It was almost a typical victory party scene. A reporter called the Prince George's police union headquarters two weeks ago to get the results of the vote on a hard-fought contract, and a jubilant fellow answered the phone.
"What's happening to the contract?" the reporter asked.
"It's gone. History," said the man on the other end, straining to be heard above the din of celebration. "We rammed that baby through and I'm going partying. You better believe it."
The scene was typical except that the voice belonged to Frank W. Stegman, the new county labor negotiator who had bargained management's side of the police officers' new contract. And labor leaders were happy with him despite the fact that, although the contract offered the county's 850 police better pension benefits and some job security, it contained no cost-of-living increase for the first time in 10 years of collective bargaining.
According to labor leaders and county officials, Stegman's presence at the Fraternal Order of Police headquarters the night of the vote and at a celebration with the FOP's president afterwards is a symbol of a government open to a more cooperative era of labor relations in Prince George's, where a long history of hostility between the government and its workers has included strikes and numerous grievance complaints filed with the Personnel Board.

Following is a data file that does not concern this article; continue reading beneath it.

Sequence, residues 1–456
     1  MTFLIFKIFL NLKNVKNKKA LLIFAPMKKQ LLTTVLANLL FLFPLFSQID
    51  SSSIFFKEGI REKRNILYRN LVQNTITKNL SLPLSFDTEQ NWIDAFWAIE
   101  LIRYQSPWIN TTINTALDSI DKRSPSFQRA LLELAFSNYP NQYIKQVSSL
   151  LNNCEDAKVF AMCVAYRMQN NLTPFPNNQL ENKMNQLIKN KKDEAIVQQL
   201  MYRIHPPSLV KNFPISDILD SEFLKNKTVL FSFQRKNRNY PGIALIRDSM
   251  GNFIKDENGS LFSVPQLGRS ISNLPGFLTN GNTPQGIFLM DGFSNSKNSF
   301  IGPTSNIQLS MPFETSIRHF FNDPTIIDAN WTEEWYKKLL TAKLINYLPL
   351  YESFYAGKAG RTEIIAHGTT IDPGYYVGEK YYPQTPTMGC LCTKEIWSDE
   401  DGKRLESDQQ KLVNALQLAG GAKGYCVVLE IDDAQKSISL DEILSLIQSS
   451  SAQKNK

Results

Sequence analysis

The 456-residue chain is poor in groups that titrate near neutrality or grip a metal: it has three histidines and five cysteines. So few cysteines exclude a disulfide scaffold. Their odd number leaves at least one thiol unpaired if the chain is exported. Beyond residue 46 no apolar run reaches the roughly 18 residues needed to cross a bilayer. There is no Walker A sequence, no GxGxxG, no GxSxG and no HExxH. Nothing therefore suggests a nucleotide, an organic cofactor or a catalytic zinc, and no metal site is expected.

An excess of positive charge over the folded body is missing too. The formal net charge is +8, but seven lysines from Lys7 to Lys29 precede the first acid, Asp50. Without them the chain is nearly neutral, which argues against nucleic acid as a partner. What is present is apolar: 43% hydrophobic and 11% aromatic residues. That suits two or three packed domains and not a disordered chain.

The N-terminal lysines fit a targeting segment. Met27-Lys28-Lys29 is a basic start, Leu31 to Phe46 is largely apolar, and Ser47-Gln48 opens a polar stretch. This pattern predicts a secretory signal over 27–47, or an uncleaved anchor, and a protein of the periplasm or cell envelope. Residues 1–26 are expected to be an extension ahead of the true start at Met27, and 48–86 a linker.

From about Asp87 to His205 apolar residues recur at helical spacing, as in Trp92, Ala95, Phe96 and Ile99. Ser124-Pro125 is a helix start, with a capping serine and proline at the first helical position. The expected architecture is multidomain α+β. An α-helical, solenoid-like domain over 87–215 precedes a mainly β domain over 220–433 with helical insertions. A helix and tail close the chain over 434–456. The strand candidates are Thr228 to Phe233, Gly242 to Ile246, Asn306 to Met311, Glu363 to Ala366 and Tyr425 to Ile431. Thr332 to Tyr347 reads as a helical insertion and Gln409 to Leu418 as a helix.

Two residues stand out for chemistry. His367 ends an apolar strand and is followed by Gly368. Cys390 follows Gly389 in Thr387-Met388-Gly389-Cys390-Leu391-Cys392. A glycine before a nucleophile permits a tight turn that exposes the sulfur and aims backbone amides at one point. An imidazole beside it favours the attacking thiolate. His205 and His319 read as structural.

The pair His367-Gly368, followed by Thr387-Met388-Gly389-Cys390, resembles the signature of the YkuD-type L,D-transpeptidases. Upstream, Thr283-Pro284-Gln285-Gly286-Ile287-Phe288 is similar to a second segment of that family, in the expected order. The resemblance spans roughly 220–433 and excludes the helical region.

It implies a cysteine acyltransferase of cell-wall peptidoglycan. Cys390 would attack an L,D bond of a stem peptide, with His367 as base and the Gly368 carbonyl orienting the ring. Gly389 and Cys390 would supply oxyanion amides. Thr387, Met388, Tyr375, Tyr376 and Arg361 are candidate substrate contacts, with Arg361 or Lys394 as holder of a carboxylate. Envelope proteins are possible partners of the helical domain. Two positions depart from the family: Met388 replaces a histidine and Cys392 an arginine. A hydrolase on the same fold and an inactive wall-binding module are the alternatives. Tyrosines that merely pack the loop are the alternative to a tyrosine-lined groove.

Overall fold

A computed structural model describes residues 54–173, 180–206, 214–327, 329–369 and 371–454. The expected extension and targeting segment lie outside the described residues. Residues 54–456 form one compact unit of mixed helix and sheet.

Stegman, a curly-haired, jocular graduate of the Georgetown University Law Center, has been a key figure in the county's success so far, they say.
"Negotiations were handled in a very professional manner . . . in a fair and equitable atmosphere," said Fraternal Order of Police president Mahlron Curran the day after the vote.
"I think he Stegman is a refreshing change," said former FOP president Laney Hester, who added he "wouldn't let previous negotiator Allen Siegel in the door."
Stegman, 37, was hired by Prince George's County Executive Parris Glendening last December to head a new Office of Labor Relations, responsible for contracts with the county's dozen union locals and for adminstering day-to-day labor problems. Glendening, a Democrat who was elected with strong labor support last fall, said he took the idea from a citizen task force he appointed to help him with his transition.
The task force criticized the approach of the previous executive, Republican Lawrence J. Hogan, who employed the services of a management-oriented Washington law firm to bargain with county unions.
The task force charged that the government had failed to provide employes with a method for resolving individual and relatively minor disputes without a confrontation before the county Personnel Board or in court.
Union leaders also accused Siegel, the firm's chief negotiator, of insensitivity to their concerns and resented his $100-an-hour fees, which cost the county $200,665 between 1979 and 1982, according to Glendening. They also objected to Siegel's inability to seal agreements at the bargaining table, a result of Hogan's insistence that he personally approve all details.